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            Central pain mechanisms in chronic pain states--maybe it is all in their head.

            Mechanisms underlying chronic pain differ from those underlying acute pain. In chronic pain states, central nervous system (CNS) factors appear to play particularly prominent roles. In the absence of anatomical causes of persistent pain, medical sub-specialities have historically applied wide-ranging labels (e.g., fibromyalgia (FM), irritable bowel syndrome, interstitial cystitis and somatisation) for what now is emerging as a single common set of CNS processes. The hallmark of these 'centrally driven' pain conditions is a diffuse hyperalgesic state identifiable using experimental sensory testing, and corroborated by functional neuroimaging. The characteristic symptoms of these central pain conditions include multifocal pain, fatigue, insomnia, memory difficulties and a higher rate of co-morbid mood disorders. In contrast to acute and peripheral pain states that are responsive to non-steroidal anti-inflammatory drugs (NSAIDs) and opioids, central pain conditions respond best to CNS neuromodulating agents, such as serotonin-norepinephrine reuptake inhibitors (SNRIs) and anticonvulsants. Copyright © 2011 Elsevier Ltd. All rights reserved.
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              Prevalence and characteristics of chronic musculoskeletal pain in Japan

              Background This cross-sectional study was conducted to obtain epidemiologic data on chronic musculoskeletal pain in the Japanese people, and with it a better understanding of the actual conditions and problems involved. Methods A questionnaire covering basic information, chronic musculoskeletal pain, daily life, quality of life, and social loss was prepared and mailed to 11507 individuals aged 18 years or older. Subjects were selected randomly nationwide in accordance with the demographic composition of Japan. Results The prevalence of chronic musculoskeletal pain was 15.4%. The prevalence was highest in people in their 30s to 50s. Pain occurred most frequently in the low back, neck, shoulder, and knee. Among symptomatic subjects, 42% sought treatment, by visiting a medical institution (19%), taking folk remedies (20%), or both (3%). Treatment was generally prolonged, with 70% of those treated reporting treatment durations of more than a year. Although 69% reported that their symptoms had improved, 30% reported unchanged or aggravated symptoms and dissatisfaction with treatment. Among symptomatic subjects, a high percentage of both men and women had lost jobs, left school, been absent from work or school, or had changed jobs. Basic activities of daily living (ADL) were disturbed in men, and the instrumental ADL (IADL) score was low in women. SF-36 scale scores were significantly lower in every area for subjects with chronic pain. Conclusions Chronic musculoskeletal pain does not necessarily improve even with prolonged treatment. It adversely affects daily life and both physical and mental health. Because those suffering pain often increasingly need assistance in daily activities, people around them are also affected. The therapeutic system and treatment procedures for chronic musculoskeletal pain merit prompt review.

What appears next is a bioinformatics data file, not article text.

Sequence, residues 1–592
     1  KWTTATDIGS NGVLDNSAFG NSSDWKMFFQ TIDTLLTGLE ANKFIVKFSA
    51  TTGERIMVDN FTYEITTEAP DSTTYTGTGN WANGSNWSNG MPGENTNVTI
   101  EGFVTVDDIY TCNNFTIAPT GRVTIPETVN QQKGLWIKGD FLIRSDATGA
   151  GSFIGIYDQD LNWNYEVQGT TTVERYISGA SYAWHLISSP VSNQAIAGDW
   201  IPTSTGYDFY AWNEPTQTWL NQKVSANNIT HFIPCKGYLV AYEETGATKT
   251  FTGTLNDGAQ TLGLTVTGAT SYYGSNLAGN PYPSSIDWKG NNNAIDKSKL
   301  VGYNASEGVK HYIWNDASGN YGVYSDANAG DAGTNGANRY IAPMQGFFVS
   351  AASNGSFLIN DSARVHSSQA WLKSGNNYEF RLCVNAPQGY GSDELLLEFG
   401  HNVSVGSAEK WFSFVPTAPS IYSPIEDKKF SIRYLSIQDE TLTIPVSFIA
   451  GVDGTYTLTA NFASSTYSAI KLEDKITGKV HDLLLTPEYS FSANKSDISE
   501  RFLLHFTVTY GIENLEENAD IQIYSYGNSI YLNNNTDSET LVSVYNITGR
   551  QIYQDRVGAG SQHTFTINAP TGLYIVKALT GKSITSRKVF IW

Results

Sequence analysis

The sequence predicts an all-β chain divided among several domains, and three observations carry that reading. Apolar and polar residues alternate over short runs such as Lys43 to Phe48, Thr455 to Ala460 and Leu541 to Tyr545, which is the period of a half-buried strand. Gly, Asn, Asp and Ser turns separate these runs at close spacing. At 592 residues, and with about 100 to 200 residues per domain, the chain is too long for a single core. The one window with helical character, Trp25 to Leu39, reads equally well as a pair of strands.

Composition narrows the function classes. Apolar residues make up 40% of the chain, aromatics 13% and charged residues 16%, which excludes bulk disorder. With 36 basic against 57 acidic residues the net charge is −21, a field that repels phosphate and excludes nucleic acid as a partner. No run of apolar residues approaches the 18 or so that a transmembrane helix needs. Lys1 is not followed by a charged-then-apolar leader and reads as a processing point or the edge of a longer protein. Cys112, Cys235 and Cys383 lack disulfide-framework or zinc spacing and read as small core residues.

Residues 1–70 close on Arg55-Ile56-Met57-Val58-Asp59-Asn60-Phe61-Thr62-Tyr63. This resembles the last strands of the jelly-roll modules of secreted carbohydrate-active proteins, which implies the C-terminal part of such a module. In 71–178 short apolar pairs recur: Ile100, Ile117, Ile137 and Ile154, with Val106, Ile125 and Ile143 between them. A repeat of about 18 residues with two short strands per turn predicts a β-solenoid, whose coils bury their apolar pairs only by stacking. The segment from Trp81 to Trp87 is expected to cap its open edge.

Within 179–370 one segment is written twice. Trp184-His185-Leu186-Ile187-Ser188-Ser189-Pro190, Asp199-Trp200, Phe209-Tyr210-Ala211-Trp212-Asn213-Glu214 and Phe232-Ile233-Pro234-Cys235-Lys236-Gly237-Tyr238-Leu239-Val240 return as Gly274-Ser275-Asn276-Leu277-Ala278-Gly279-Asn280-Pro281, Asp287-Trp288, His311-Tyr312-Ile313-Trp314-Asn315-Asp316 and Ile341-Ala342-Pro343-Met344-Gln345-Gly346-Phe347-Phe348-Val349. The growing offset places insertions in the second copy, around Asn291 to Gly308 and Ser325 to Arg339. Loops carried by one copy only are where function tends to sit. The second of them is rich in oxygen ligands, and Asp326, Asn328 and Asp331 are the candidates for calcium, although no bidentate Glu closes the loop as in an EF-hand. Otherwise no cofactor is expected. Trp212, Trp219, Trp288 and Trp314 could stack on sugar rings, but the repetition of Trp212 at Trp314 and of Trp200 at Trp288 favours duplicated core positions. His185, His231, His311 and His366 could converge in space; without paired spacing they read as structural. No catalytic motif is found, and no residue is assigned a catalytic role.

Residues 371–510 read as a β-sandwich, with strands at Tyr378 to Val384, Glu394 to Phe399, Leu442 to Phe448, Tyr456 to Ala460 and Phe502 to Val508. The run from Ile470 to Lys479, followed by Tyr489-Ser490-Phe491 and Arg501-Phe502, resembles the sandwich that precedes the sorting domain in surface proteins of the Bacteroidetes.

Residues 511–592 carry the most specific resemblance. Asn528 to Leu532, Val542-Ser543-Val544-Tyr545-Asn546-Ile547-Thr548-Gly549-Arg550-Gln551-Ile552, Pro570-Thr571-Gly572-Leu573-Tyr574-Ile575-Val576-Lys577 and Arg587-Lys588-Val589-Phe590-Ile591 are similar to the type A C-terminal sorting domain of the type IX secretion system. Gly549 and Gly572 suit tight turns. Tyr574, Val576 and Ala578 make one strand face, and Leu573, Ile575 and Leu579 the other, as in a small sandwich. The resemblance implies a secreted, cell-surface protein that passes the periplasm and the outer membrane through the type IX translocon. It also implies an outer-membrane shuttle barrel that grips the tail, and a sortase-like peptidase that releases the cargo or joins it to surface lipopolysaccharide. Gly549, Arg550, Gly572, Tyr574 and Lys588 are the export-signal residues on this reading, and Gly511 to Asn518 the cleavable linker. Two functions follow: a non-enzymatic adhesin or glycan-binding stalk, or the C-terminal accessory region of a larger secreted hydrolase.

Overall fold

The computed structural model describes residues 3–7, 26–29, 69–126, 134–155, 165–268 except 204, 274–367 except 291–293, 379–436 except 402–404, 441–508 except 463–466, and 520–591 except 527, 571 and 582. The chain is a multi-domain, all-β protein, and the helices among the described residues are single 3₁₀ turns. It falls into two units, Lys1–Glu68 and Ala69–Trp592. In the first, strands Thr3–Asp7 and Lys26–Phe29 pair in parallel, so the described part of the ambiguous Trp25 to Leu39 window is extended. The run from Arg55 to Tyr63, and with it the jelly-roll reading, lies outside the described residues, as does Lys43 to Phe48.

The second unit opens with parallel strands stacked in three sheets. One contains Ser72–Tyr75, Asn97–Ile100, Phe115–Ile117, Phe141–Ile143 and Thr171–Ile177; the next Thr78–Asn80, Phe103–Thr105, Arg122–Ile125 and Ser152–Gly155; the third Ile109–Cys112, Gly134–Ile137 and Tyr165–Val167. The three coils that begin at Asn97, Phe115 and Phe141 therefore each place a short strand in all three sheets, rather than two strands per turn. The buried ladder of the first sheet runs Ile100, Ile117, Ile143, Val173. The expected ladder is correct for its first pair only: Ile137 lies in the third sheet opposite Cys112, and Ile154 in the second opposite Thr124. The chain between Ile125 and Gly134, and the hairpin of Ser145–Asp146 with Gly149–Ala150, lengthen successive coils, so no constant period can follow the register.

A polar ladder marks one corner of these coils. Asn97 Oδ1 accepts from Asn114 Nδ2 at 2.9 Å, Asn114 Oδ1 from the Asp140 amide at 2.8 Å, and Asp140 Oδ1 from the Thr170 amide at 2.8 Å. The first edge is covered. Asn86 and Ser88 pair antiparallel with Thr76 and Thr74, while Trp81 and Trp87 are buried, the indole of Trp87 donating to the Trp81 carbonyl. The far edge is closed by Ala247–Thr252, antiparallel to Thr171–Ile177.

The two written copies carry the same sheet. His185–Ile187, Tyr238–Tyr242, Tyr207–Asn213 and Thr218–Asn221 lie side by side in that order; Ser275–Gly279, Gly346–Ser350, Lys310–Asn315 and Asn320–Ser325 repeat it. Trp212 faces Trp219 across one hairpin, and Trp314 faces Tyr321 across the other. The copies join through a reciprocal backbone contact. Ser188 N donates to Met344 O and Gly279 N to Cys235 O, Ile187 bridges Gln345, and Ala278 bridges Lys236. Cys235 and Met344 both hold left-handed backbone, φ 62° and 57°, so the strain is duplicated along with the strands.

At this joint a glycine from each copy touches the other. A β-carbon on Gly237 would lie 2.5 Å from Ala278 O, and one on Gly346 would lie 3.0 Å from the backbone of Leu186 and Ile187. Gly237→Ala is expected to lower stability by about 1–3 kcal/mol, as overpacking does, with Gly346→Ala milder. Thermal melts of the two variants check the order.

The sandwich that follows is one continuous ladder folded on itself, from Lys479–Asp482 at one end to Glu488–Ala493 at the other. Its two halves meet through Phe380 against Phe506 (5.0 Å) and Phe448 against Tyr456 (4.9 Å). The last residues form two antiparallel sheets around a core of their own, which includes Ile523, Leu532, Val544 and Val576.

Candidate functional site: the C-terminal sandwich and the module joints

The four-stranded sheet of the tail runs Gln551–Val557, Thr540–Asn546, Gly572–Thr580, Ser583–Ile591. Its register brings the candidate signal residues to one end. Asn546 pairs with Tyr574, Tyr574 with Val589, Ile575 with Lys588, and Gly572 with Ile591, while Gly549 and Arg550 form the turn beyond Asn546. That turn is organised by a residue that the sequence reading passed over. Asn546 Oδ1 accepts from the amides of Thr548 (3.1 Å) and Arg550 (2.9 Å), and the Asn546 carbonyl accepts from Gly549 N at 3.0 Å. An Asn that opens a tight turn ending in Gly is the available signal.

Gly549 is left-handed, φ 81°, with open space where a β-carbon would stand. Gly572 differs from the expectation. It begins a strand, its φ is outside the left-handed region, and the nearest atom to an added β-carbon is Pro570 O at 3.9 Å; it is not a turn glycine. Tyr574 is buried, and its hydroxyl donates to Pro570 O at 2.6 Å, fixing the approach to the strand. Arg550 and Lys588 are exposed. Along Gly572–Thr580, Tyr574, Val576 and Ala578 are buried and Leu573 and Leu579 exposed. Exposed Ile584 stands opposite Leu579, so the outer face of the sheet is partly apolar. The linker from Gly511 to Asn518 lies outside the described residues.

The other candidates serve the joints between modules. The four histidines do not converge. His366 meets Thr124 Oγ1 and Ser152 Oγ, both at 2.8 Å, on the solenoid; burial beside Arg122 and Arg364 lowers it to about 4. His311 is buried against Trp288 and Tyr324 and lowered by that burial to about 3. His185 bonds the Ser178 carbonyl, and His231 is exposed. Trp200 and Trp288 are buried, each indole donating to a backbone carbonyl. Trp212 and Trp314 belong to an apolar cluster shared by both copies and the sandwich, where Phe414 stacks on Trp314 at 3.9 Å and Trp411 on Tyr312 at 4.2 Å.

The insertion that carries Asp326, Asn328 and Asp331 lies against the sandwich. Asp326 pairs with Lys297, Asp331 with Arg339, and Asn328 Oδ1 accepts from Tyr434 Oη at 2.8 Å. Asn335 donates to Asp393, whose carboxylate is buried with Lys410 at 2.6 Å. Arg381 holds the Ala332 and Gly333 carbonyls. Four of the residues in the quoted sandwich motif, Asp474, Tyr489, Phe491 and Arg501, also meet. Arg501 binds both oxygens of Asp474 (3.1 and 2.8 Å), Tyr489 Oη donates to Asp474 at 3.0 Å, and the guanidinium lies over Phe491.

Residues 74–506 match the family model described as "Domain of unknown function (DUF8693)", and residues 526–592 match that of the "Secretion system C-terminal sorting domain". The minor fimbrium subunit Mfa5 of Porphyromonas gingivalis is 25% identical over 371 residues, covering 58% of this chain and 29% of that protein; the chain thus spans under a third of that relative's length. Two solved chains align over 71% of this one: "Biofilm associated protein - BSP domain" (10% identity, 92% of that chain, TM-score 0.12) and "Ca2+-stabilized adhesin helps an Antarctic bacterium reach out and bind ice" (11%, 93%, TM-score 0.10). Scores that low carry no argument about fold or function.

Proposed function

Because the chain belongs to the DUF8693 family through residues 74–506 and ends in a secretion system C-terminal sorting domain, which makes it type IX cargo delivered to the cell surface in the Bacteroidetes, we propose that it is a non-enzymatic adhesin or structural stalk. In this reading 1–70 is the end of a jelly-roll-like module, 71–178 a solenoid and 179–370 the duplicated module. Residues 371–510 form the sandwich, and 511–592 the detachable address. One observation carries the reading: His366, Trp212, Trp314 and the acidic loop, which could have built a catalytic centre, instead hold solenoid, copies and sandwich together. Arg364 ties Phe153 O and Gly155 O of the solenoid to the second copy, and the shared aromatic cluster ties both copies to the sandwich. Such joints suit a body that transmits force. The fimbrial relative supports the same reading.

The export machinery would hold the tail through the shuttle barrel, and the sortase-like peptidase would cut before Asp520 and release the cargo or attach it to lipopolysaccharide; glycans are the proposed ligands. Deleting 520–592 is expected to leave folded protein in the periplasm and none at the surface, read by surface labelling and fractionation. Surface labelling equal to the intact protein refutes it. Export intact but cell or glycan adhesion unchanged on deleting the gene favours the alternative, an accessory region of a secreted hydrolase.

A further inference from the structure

Author and article information

                J Pain Res
                J Pain Res
                Journal of Pain Research
                Journal of Pain Research
                Dove Medical Press
                24 July 2017
                : 10
                : 1723-1731
                [1 ]Bio-Medicine
                [2 ]Statistical Science
                [3 ]Scientific Communications, Medicines Development Unit, Eli Lilly Japan K.K., Kobe
                [4 ]Clinical Research Development
                [5 ]Medical Affairs Department, Shionogi & Co. Ltd, Osaka
                [6 ]Department of Orthopedic Surgery, Fukushima Medical University, Fukushima, Japan
                Author notes
                Correspondence: Hiroyuki Enomoto, Bio-Medicine, Medicines Development Unit, Eli Lilly Japan K.K., 7-1-5 Isogamidori, Chuo-Ku, Kobe 651-0086, Japan, Tel +81 3 5574 9143, Fax +81 3 5574 9979, Email enomoto_hiroyuki@ 123456lilly.com
                © 2017 Alev et al. This work is published and licensed by Dove Medical Press Limited

                The full terms of this license are available at https://www.dovepress.com/terms.php and incorporate the Creative Commons Attribution – Non Commercial (unported, v3.0) License ( http://creativecommons.org/licenses/by-nc/3.0/). By accessing the work you hereby accept the Terms. Non-commercial uses of the work are permitted without any further permission from Dove Medical Press Limited, provided the work is properly attributed.